2 Jewish Brothers Still Missing in Midwest Twister
Two Jewish brothers are still reported missing along with numerous others in the wake of the second-worst tornado in U.S. history, classified as an F-5.
The twister ripped across the town of Joplin, Missouri Sunday evening was one of several spawned in a system of severe Midwestern thunderstorms over the weekend.
Below is a video of the tornado entering the southwest side of the town.
Video from TornadoVideos.net. Filmed by Basehunters team Colt Forney, Isaac Pato, Kevin Rolfs and Scott Peake. The team joined others in search and rescue efforts and transporting victims to local hospitals in personal vehicles.
At least 116 people were confirmed dead, dozens more were missing and dozens of others were injured as a result of the tornado. Another bad storm system was predicted, forecasters said.
Rabbi Yehuda Weg, the Tulsa-based director of Chabad-Lubavitch of Oklahoma, stocked a car with food and clothing and headed straight for “ground zero,” arriving late Monday night.
Weg, who travels twice a month to Joplin to supervise kosher food production and meet with local Jews, told Chabad.org, “This is absolutely horrific. This tornado was six miles long and almost a mile wide, and went through the center of town.”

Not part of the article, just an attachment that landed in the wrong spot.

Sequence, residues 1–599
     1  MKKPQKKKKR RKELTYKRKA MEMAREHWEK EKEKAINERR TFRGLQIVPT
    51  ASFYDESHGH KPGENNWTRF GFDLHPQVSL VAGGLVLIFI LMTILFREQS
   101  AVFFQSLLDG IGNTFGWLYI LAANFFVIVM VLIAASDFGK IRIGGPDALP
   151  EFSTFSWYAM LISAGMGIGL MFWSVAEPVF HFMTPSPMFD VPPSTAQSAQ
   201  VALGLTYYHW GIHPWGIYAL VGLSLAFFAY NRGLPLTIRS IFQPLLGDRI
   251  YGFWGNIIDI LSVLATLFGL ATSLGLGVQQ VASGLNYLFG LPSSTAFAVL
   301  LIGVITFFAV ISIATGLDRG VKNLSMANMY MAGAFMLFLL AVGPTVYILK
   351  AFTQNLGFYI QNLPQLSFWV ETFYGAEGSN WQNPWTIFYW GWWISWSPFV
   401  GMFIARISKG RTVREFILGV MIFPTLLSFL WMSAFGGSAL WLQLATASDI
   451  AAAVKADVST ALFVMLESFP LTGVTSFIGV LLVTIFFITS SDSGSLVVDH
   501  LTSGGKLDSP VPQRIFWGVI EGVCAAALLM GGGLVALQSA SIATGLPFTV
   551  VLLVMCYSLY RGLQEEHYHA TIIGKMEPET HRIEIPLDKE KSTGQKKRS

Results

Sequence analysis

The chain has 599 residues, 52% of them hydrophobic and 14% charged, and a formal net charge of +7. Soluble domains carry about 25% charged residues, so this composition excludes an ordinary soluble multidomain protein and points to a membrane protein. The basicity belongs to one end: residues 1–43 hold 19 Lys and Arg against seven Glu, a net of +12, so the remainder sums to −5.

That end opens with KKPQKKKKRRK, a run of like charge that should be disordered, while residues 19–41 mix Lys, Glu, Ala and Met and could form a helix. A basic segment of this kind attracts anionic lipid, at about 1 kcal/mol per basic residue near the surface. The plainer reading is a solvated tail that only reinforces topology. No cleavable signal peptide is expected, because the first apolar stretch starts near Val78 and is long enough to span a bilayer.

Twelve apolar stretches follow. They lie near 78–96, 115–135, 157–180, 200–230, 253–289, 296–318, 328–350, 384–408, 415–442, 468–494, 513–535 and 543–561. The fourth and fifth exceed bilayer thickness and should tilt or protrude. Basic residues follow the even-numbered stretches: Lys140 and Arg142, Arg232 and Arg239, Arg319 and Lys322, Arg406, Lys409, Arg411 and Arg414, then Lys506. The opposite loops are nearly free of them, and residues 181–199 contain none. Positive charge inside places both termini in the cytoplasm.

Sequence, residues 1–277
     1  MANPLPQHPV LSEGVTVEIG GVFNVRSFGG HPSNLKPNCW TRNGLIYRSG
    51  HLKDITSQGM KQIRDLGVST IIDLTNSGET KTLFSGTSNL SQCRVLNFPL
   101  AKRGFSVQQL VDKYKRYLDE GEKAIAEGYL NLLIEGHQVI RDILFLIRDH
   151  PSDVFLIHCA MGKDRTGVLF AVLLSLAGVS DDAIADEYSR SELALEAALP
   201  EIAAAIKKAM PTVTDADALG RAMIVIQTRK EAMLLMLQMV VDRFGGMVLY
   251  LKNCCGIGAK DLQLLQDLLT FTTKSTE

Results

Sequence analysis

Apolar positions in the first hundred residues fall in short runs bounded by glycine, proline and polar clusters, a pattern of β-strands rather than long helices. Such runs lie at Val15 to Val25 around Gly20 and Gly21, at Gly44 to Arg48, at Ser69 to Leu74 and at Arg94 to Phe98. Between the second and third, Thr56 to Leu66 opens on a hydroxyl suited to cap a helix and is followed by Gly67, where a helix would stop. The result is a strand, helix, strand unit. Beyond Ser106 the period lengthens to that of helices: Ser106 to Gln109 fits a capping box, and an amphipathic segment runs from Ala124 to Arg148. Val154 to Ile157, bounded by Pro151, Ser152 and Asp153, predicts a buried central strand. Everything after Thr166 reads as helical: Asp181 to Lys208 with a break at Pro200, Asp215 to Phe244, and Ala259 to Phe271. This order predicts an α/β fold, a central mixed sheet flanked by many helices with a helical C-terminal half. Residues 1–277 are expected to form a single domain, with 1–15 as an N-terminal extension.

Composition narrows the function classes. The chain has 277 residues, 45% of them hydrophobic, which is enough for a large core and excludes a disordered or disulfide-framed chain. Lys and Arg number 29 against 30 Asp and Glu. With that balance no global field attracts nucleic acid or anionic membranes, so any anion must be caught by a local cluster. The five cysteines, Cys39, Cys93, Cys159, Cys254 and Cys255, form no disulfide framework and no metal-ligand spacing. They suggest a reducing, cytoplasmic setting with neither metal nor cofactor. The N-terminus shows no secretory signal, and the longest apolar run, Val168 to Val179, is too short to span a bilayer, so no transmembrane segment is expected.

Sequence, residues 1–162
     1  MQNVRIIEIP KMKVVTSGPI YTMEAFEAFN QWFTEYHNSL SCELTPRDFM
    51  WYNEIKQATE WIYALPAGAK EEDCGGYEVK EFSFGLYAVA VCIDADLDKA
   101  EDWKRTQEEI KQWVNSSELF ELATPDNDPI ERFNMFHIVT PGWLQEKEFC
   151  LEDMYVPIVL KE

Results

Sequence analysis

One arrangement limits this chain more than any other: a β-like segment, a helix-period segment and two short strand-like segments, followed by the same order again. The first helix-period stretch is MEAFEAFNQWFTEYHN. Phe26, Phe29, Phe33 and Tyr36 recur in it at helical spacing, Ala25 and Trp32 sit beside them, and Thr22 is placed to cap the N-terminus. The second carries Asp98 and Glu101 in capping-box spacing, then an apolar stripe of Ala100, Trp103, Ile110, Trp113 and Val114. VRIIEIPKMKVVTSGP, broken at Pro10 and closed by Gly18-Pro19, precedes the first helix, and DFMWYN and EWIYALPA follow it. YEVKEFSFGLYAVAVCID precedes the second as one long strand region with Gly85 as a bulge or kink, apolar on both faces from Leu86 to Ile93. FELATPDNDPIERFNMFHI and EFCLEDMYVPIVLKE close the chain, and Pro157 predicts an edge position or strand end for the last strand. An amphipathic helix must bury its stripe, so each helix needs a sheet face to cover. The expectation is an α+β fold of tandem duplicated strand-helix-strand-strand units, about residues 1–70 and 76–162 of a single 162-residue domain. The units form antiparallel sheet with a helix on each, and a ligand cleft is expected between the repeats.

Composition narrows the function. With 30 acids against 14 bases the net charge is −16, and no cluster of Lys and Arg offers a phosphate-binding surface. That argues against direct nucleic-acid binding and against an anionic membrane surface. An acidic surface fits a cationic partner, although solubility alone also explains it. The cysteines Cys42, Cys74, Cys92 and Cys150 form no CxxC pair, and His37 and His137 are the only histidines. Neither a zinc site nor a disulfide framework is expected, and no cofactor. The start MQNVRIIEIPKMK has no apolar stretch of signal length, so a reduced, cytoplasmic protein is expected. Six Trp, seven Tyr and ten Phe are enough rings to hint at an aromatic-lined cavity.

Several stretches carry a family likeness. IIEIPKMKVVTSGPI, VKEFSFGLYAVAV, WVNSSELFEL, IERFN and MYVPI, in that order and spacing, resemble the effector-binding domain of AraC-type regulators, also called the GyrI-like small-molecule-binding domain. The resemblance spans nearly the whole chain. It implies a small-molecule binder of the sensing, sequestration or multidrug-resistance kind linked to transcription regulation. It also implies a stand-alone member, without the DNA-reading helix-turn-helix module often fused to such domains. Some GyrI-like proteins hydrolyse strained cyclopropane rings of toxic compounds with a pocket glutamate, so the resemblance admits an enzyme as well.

The two missing brothers, he said, are both active in the small Jewish community. One lives across the street from Joplin High School, which Weg said the tornado reduced to “a pile of bricks.”
Volunteers from the American Red Cross and several local disaster agencies were also headed to the area. Mayor Mike Woolston declared the town a disaster area, and Missouri Governor Jay Nixon sent members of the National Guard as well.
Israeli expatriate Omer Mani “lost everything” but discovered among the rubble that his Jewish prayer boxes, known as phylacteries or tefillin, his Hebrew prayer book and a bound copy of the Five Books of Moses (the Bible) were completely intact.
One quarter of the city is standing, but without electricity. One quarter of the city is standing and still has electricity, Mani said.
“Everything else is gone.”